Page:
Have you been wondering why political parties have their official campaign launch when the election campaign is nearly over. The Coalition campaign was at the start of the week and Labor's is tomorrow. Here's why:

'...a loophole in Department of Finance policy means the sizeable daily travel allowances for politicians and staffers are paid out of the public purse until the day of the respective political parties' campaign launch.

'The Liberal Party and the Nationals have been carrying their own costs for a week and will ultimately be financially responsible for nine days of the 33-day campaign.

'However, the ALP will continue to have public funding until the conclusion of tomorrow's ''official'' campaign launch in Brisbane, leaving Labor with just five days to pay for.' (SMH)

This is in addition to the $2.31 all candidates receive retrospectively if they achieve at least 4 per cent of the vote. The total campaign cost for the taxpayer is expected to exceed the 2007 record of $163 million. Not bad for five weeks of risk aversion...

Internal problems confront Greens, Family First

Two minor parties, The Greens and Family First, are experiencing the rough and tumble of federal politics this weekend, both featuring in major newspaper articles detailing their difficulties.

Family First was the subject of story in the Fairfax media headlined, 'Sex, debt and heads that roll: a Family saga of biblical proportions'. The story highlights alleged financial difficulties and organisational problems including the dumping of a Victorian candidate after he came out in support of gay marriage.

Family First dispute the financial allegations and are not the only party caught out by running a candidate who they had to disendorse. The Liberals have done this twice, in NSW and Northern Territory.

Read the full article on Family First.

Meanwhile The Greens are divided over their policy on funding for non-government schools, an issue of concern for Christians in particular as many families choose to place their children in Catholic, Anglican or Christian schools.

In an article title 'School policy fractures Greens', the Sydney Morning Herald reported that Greens leader Bob Brown believed it was no longer to remove '$1000 per student' of funding from private schools. However NSW Greens upper house member John Kaye quickly responded saying he was disappointed by the Senate team's attitude.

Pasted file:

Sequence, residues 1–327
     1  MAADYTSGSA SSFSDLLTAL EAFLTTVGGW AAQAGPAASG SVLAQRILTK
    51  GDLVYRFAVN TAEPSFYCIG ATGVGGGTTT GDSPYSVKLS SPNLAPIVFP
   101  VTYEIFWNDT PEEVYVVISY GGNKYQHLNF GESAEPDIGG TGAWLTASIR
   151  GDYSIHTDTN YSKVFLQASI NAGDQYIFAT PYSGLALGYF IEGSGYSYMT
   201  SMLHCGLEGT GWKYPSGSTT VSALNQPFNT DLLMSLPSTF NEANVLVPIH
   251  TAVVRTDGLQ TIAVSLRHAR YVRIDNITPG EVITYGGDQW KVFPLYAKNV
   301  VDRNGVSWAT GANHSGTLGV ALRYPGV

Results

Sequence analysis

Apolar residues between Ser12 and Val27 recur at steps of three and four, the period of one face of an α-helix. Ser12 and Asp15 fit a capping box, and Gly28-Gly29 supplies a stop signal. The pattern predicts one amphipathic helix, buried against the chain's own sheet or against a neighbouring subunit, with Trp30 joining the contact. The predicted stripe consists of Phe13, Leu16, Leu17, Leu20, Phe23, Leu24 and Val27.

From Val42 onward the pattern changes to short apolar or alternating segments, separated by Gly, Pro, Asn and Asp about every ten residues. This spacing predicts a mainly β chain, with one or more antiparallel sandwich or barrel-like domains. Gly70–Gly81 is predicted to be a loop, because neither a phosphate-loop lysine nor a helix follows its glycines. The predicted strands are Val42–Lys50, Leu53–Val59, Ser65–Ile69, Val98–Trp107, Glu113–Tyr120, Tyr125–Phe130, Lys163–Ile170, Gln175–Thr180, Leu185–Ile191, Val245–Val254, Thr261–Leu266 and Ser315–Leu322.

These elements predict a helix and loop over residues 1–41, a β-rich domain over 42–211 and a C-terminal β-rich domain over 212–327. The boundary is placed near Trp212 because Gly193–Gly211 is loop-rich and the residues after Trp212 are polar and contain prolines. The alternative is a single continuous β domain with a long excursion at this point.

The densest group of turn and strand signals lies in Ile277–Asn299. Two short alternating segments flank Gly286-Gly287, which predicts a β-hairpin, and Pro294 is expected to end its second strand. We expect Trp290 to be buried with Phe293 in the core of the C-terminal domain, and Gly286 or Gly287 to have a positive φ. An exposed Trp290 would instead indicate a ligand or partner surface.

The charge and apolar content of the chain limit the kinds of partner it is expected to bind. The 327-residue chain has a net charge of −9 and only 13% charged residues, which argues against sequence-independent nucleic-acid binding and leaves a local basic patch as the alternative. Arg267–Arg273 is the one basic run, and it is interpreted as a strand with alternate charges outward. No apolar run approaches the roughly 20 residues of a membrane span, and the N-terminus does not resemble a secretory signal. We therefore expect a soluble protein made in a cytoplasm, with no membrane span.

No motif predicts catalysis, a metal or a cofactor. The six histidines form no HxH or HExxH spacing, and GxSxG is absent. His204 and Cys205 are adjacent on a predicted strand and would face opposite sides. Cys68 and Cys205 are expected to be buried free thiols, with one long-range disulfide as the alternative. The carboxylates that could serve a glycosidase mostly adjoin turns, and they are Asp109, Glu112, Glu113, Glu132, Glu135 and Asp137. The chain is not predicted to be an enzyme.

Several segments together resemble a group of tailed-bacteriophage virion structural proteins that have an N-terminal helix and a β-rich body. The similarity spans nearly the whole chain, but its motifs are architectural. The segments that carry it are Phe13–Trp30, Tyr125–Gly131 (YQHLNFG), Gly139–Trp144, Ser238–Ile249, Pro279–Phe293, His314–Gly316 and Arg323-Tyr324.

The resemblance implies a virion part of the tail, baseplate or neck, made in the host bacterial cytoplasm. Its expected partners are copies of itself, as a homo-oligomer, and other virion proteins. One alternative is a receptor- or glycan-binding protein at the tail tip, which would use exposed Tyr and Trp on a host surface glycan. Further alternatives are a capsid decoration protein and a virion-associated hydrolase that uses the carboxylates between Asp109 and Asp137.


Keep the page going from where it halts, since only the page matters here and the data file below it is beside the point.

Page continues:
The dispute is the thin edge of the wedge as The Greens come to terms with the electorates response to some of their more radical policies and the pressure a uniform national preference deal with Labor will bring.

Read the full article on The Greens.

Friday, August 13, 2010

Greens could have 10 in Senate while Family First out: Morgan poll

Roy Morgan Research has released the first Senate polling for this election showing The Greens strongly increasing their vote and Family First losing its Victorian Senator although in with a chance in South Australia.

Conducted in July and involving interviews with more than 5000 participants nationwide, the poll shows: 'support for the ALP in the Senate was 40 per cent (down 0.3 per cent since the November 24, 2007 half-Senate election). Coalition support was 36 per cent (down 3.9 per cent) and Greens support 15.5 per cent (up 6.5 per cent). Support for minor parties was Family First 2.5 per cent (up 0.9per cent), One Nation 0.5per cent (up 0.1per cent), and other parties and independent candidates 5.5 per cent (down 3.3 per cent).

'On these figures the Senate composition would be ALP 33-34 Senators, LNP 31-32 Senators, Greens 10 Senators and 1 Independent, Nick Xenophon...'